1.Which is the correct age progression, from younger (first) to older(last)?A) D, E, F, B, CB) B, F, E, D, CC) C, D, E, F, BD) B, C, D, E, FE) E, F, B, C, DFeedback: The package of sediments C, D, E, F is upside-down, as shown by the footprints and mud cracks, so C is oldest, and F the youngest of these. B is above the unconformity above all of C,D, E, and F, so is the youngest of these five.Table for Individual Question FeedbackPoints Earned:0.0/1.0Correct Answer(s):B2.Which is the youngest fault:Table for Individual Question FeedbackPoints Earned:1.0/1.0Correct Answer(s):A3.Which is older:
Table for Individual Question FeedbackPoints Earned:0.0/1.0Correct Answer(s):A4.Which is younger:Table for Individual Question FeedbackPoints Earned:1.0/1.0Correct Answer(s):E5.Which is accurate about the Grand Canyon, in Arizona:A) The Coconino Sandstone that forms one of the prominent cliffs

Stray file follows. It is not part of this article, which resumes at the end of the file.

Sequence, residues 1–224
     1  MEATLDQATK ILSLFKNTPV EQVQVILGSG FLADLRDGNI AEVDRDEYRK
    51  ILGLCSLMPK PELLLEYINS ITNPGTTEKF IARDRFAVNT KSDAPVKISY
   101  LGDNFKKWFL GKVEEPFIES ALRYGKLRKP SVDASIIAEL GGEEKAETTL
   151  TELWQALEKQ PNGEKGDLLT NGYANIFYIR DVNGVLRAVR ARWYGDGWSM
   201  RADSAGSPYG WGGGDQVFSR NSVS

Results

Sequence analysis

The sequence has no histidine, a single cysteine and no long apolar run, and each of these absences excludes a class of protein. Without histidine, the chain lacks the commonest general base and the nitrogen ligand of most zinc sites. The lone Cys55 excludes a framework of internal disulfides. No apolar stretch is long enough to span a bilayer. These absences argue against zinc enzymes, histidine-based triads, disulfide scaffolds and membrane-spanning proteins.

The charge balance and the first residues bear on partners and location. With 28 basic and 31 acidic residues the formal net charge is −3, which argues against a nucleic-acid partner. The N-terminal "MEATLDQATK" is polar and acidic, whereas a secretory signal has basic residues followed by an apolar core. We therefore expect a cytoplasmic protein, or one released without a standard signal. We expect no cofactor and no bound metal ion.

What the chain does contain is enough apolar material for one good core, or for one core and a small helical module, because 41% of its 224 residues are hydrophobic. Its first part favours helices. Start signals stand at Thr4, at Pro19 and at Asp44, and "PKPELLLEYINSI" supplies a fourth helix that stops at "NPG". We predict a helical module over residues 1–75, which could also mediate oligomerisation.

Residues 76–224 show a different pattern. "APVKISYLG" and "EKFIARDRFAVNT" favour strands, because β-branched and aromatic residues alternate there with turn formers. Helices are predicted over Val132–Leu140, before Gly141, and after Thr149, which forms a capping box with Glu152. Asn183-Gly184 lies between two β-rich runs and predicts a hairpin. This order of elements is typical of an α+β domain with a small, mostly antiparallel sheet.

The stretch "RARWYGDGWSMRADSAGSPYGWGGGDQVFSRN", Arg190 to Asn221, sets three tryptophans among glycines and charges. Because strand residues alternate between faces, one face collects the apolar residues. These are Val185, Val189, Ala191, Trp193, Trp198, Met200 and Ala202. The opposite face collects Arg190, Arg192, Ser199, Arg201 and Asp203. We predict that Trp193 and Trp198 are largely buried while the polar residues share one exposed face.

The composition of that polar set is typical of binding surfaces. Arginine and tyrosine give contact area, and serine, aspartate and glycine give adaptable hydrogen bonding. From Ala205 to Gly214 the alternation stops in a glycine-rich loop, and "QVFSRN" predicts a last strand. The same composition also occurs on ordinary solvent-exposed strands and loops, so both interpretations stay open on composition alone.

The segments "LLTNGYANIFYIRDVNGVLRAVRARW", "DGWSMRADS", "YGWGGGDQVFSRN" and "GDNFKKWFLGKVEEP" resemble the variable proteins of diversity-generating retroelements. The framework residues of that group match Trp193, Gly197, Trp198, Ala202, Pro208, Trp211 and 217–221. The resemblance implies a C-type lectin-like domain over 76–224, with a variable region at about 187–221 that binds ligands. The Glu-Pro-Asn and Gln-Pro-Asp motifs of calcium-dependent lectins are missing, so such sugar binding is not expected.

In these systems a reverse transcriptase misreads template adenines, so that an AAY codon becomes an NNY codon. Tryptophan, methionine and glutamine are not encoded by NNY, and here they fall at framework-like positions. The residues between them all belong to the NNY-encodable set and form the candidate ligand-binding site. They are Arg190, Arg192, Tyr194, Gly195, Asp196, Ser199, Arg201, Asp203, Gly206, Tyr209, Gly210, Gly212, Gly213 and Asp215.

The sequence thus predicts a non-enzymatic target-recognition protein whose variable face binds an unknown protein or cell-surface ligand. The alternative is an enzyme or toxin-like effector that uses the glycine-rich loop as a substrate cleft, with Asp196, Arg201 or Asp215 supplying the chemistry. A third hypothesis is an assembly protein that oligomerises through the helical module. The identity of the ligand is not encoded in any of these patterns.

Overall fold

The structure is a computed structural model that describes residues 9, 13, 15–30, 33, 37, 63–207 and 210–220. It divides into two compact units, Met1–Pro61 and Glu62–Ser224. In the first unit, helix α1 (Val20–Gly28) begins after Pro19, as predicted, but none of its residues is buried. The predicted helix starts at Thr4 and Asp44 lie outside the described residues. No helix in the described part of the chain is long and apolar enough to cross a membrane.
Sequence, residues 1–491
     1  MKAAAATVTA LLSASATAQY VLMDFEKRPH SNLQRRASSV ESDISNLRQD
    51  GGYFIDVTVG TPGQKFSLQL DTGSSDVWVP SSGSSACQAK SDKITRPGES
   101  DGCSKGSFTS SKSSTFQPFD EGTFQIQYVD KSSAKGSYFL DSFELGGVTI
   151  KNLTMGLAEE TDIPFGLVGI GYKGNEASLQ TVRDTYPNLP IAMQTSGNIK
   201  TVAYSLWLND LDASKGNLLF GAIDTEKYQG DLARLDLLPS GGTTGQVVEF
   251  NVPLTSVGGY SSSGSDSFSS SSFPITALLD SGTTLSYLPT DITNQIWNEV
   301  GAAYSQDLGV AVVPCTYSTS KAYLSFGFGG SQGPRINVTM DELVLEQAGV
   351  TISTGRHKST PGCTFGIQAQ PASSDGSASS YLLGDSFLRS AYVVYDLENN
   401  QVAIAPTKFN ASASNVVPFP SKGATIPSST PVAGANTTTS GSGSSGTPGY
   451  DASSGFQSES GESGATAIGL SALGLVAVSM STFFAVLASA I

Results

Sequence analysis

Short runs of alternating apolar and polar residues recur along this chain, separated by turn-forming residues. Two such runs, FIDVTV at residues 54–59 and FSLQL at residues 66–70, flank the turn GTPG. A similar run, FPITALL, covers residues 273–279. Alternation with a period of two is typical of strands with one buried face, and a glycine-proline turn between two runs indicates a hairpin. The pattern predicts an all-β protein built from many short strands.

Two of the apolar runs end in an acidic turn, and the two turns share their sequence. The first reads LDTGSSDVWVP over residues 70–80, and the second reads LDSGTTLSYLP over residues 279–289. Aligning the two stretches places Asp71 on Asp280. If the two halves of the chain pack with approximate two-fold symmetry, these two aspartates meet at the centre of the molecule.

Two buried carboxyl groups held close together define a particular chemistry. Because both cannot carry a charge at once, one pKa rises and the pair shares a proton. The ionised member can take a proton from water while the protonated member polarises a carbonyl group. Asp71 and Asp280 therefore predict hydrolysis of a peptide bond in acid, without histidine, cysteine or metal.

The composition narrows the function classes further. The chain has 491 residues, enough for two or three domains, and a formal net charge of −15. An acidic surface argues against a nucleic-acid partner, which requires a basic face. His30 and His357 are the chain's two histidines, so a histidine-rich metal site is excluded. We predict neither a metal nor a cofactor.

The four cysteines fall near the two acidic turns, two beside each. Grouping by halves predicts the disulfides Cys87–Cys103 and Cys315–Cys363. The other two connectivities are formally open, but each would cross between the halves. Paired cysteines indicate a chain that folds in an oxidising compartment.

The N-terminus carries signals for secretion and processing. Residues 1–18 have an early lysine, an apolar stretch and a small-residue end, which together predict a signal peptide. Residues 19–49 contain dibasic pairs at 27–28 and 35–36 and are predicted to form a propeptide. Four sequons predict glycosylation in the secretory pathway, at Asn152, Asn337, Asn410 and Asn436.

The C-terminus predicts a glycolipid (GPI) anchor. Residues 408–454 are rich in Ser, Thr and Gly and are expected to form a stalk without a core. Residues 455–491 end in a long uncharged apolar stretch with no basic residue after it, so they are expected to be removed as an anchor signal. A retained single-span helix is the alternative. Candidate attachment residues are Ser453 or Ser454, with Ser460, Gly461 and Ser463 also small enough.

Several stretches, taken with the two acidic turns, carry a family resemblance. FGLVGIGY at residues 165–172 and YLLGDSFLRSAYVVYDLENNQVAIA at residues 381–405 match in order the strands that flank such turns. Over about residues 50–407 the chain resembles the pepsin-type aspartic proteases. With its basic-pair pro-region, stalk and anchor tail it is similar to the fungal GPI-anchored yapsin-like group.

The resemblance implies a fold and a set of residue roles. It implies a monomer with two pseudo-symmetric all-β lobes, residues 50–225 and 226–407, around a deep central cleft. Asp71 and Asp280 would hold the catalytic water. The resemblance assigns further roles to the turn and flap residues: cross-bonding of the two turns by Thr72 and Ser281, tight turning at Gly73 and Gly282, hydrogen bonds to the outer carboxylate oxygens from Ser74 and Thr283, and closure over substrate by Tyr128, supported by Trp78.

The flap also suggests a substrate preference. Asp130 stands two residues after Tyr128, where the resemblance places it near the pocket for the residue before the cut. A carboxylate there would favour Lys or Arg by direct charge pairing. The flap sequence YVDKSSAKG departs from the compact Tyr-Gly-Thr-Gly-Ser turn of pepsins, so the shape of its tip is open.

of the canyon is the youngest rock layer known from Arizona and surrounding states.B) The rock record of the canyon contains no unconformities.C) The canyon is wider at the top and narrower at the bottom because the river was wider when the region was wetter, and hasnarrowed as deserts spread recently.D) A great thickness of sedimentary rocks exists in Death-Valley-type faulted basins, which can be seen deep in the canyon in many places.E) The oldest rocks are on top, with younger ones beneath, as shown by all of the footprints being upside-down in the rocks of the canyon walls.Feedback: Well over two miles of Precambrian sedimentary rocks can be seen in the deep part of the canyon, all slanted fromhorizontal and preserved where they were dropped by faulting. The sedimentary rocks above are right-side up, and the Coconino Sandstone is well below the Kaibab Limestone of the rim, which slants down to the north beneath the rocks of Zion, which are older than the rocks of Bryce, among others. Many unconformities exist in the walls of the Canyon, including the one below the Precambrian sediments and the one above those sediments. The idea of the river narrowing over time was the hypothesis that an interested tourist presented to one of the professors and a ranger at the Canyon a few years ago. When theprofessor asked whether the tourist would want to go out on a narrow point with a jackhammer, the tourist said no, because the rocks might fall off and slide down into the Canyon. When the professor pointed out the many places that rocks had fallen off and slid down, the quick-witted tourist figured out that the Canyon has been widened by such rockfalls as the river has cut downward.
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